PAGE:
There is a strong argument which says that Hunkeler Innovation Days is second only to Drupa in the league table of industry exhibitions. Whisper it quietly, but some even suggest that four days in Lucerne is more important than 11 days by the Rhine.
But this ignores the world of sheetfed printing, label printing, cartons, flexible packaging and magazines which combine to make up this broad industry of ours but which are not yet reflected at the Hunkeler Innovation Days. Not yet.
For what was clear from the technology on show and the discussions being had, magazine and packaging printers will be taking more interest in the automation that is assumed by the combination of inkjet printing and webfed paper processing that Hunkeler is capable of.
Already the event is immensely popular, attracting 6,500 visitors from across the globe and has started to attract commercial printers. Inkjet is almost ubiquitous and having become the dominant technology over recent iterations of the show, it is poised to get to a true offset replacement technology. A sign on the Xeikon stand made the point: “Here to invest in inkjet? Again?”
It was making the point that while inkjet remains untested, toner can deliver the quality and the productivity that is needed. The latest 30 metres a minute Xeikon XM500 delivers high quality, on a broad spread of papers, with 1200dpi imaging, no problems with drying.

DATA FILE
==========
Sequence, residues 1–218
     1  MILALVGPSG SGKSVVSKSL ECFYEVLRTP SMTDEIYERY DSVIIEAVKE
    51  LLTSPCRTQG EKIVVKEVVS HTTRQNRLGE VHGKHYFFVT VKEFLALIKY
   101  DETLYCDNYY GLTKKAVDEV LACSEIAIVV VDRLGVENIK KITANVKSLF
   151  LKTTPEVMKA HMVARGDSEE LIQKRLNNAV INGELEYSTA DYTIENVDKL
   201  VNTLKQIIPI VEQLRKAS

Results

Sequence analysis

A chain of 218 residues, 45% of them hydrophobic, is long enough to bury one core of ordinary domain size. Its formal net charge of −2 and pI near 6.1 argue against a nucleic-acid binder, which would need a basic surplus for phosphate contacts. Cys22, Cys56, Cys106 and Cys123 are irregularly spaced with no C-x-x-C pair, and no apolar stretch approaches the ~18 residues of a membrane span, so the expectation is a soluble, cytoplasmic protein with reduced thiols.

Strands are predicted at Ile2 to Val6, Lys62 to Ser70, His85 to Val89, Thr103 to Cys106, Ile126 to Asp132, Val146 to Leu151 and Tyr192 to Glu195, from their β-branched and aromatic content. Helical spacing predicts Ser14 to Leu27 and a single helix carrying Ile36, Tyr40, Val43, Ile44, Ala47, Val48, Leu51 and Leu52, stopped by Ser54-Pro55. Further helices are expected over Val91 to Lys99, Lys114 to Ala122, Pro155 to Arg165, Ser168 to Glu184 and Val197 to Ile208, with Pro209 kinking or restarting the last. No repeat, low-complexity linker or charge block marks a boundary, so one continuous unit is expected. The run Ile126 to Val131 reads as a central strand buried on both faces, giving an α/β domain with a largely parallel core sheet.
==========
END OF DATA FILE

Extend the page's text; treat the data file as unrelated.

These are the issues that suppliers of inkjet presses have been grappling with and which toner long ago overcame, said Xeikon CEO Benoit Chatelard. Nipson returned to the show with a 300m/minute mono only Magyspeed press. An awful lot of pages for books, manuals and even mailing do not need colour. And at approximately £300,000 it is a lot cheaper than the inkjet presses facing it across the aisle.
The inkjet presses though were the main attraction and this time those visitors checking the progress of inkjet could only be satisfied. They could walk a few minutes to compare the approach taken by Screen, by Xerox, by Canon, Ricoh and HP and each time be judging highly sellable colour printing.
Of course, each supplier was on their best behaviour, running well practised jobs with dryer and press settings that had been honed to perfection. The samples on GPrint or Arctic Matt, Lumiart or UPM Finesse were printed with untypically high levels of ink, yet signs of cockling were few.
Most are new types of ink developed to have no need for a pre coat or post coat of a binding agent. This is instead contained in the ink, acting on the paper to both prevent ink soaking into the paper and to help it dry. The ink that Ricoh has developed has increased levels of pigment and contains less water as well as the less publicised ingredients. This delivers a more extensive gamut than standard offset inks, the company says.
Only HP retains the bonding agent. This applied not through printheads but as an overall coating before the colours are applied. Others will supply different inks according to application, high pigment formulations for the coated papers and offset replacement print, others for the less expensive transactional and direct mail jobs that do not need the top levels of quality.